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Nigerian Fraudsters In All Their International Glory

Nigerian Fraudsters In All Their International Glory

Nigerian Fraudsters In All Their International Glory

Jakarta, Indonesia - Sandra [not real name], an executive from Pondok Indah, South Jakarta (ultra upscale residential area, dubbed the 'Beverly Hills' of Indonesia), lost the sparkle in her eye at Kuala Lumpur International Airport after she found out that her Internet boyfriend was a Nigerian, and not an Englishman, as he said on Facebook.

Shocked, Sandra asked the man why he had lied to her. He replied: "So now, my love, you do not want to accept me as I am because I am black?"

Sandra said that she was at a loss for words. She realized that he had been deceiving her. 

The 29-year-old said that she had spent more than Rp 1billion (N16,347,010), including money she earned from selling a house, to help the Nigerian solve his "troubles" because he had promised to marry her.

Sandra was one of a host of victims of scams involving social media and the Internet. According to the Jakarta Police, such scams involved losses of more than Rp 5 billion and accounted for 40 percent of 176 cyber crime cases recorded during the first four months of 2013.

Cyber crime unit head Adj. Sr. Comr. Audie Latuheru told The Jakarta Post over the weekend that the perpetrators of so-called "love bride scams" approached potential victims on the Internet, saying sweet things and offering solutions to problems, love or even convincing promises to marry.

"Facebook and other social media are a world without boundaries that can be used by perpetrators to practice criminal acts. Perpetrators usually manipulate the emotional weaknesses of potential victims," Audie said.

He said the criminals usually studied target's profiles from photos, statuses, friends and locations. Thus, the criminals would know the problems of their marks, what made them happy and what help that they needed.

'Using such an approach, the perpetrators could learn how to get closer to the potential victims and hook them," Audie said.

Audie said the perpetrators usually approached potential victims — who he said could be men or women, adults or teens — using messages crafted in poor English and by uploading false photos of themselves.

Some of the perpetrators work in groups, others work individually.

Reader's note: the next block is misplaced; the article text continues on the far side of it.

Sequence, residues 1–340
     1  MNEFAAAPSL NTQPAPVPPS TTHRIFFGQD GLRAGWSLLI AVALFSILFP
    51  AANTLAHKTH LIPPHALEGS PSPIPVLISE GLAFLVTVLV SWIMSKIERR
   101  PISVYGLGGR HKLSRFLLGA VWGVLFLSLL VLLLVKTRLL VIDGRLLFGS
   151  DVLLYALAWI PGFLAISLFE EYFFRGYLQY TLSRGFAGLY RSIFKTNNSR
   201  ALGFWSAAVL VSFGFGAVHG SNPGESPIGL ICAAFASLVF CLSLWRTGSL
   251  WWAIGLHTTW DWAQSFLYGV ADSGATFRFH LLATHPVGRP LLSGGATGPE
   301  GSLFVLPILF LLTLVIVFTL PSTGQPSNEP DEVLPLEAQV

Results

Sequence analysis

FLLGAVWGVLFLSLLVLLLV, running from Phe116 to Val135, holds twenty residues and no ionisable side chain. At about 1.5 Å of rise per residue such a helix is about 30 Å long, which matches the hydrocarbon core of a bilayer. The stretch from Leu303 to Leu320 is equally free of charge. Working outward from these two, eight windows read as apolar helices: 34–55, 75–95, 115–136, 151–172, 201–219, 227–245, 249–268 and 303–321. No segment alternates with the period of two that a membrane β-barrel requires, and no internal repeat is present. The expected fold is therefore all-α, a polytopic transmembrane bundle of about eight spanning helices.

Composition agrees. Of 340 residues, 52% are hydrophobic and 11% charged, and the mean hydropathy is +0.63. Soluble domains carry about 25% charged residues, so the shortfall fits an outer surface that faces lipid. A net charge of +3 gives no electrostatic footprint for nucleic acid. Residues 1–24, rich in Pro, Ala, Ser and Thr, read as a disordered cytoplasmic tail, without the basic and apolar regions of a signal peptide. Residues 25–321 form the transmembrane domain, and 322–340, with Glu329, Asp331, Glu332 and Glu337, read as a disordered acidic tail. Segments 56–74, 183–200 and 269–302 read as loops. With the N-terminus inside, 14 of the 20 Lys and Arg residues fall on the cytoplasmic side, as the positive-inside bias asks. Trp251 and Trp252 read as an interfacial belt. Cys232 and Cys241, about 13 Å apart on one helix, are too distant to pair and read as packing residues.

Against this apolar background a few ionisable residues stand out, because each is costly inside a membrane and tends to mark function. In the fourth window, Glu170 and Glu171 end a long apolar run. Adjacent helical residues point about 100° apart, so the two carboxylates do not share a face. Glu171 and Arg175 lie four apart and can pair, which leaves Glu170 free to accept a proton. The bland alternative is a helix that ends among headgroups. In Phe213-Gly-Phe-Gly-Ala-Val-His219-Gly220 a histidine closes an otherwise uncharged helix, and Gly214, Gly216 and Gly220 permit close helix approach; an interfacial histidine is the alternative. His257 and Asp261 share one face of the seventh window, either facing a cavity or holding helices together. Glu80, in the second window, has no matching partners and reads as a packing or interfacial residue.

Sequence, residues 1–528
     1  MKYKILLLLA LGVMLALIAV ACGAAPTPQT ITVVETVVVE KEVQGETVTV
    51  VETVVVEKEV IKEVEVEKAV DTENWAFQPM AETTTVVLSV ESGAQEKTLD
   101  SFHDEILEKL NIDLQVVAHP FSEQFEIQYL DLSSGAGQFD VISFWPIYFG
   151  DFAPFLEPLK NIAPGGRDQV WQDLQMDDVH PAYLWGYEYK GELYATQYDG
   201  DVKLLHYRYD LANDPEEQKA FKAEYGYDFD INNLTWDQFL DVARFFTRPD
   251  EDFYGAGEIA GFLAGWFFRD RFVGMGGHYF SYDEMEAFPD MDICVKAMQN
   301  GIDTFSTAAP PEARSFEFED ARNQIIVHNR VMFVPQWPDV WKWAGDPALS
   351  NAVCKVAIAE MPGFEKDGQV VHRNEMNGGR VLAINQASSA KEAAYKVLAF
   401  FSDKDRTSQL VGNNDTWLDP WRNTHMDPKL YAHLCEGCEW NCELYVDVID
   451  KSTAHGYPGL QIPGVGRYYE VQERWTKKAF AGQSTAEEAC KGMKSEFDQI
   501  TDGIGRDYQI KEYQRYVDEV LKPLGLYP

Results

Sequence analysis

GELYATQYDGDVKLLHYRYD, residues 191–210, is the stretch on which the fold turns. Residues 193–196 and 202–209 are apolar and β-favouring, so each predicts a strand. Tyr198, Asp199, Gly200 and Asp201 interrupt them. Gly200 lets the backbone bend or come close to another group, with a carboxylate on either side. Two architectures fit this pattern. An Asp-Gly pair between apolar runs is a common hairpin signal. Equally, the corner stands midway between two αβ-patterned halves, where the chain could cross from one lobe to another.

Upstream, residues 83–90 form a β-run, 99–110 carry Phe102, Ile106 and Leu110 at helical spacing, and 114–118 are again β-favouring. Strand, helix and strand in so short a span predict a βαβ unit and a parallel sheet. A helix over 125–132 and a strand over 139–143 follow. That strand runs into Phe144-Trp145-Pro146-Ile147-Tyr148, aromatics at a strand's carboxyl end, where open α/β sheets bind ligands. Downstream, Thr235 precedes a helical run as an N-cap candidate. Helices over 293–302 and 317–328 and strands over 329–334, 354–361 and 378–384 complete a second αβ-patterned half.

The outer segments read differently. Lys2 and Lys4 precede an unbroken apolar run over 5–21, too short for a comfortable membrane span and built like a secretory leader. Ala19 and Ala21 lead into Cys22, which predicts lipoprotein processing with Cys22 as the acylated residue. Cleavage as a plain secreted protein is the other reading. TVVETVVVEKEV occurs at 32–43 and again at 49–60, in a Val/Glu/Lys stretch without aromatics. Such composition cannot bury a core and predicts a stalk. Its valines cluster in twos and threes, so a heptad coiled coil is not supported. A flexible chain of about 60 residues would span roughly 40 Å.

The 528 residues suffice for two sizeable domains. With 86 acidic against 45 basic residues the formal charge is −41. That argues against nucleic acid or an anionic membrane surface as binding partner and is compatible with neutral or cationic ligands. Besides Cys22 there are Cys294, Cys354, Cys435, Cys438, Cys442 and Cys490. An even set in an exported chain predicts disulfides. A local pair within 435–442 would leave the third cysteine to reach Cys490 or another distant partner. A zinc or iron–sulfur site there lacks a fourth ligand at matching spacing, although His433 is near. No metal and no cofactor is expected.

He said that the police had caught some "love bride" syndicates that included foreigners from Nigeria, Cameroon and Libya who lived in Jakarta. "Some perpetrators are difficult to catch because they are creative and hide their IP [Internet Protocol] addresses".

Sociologist Ida Ruwaida Noor from the University of Indonesia said that most Internet users in Indonesia were not aware of the norms and values used to communicate on the Internet, using the medium for fun without an awareness of the dangers.

"Most people here access the Internet not as a means to gain a better education. They use it only to make new virtual friends and to make themselves feel proud of being popular among users," Ida said.

The sociologist said that local Internet users had a limited ability to scrutinize the people that they meet online. "They, for example, hastily confirm requests from people that they do not know well, including ones with unusual profiles or the ones with the least mutual friends."

Ida said that women were easily targeted in cyber crimes because they were vulnerable to emotional turbulence. "Most women use Facebook as way to kill loneliness and to get attention from others."

Internet users needed to build a critical attitude in networking through social media, according to Ida.

"Internet users need to be aware of the norms and values in communicating with other people in the virtual world," she added.

When love is in the air, don't throw caution to the wind!

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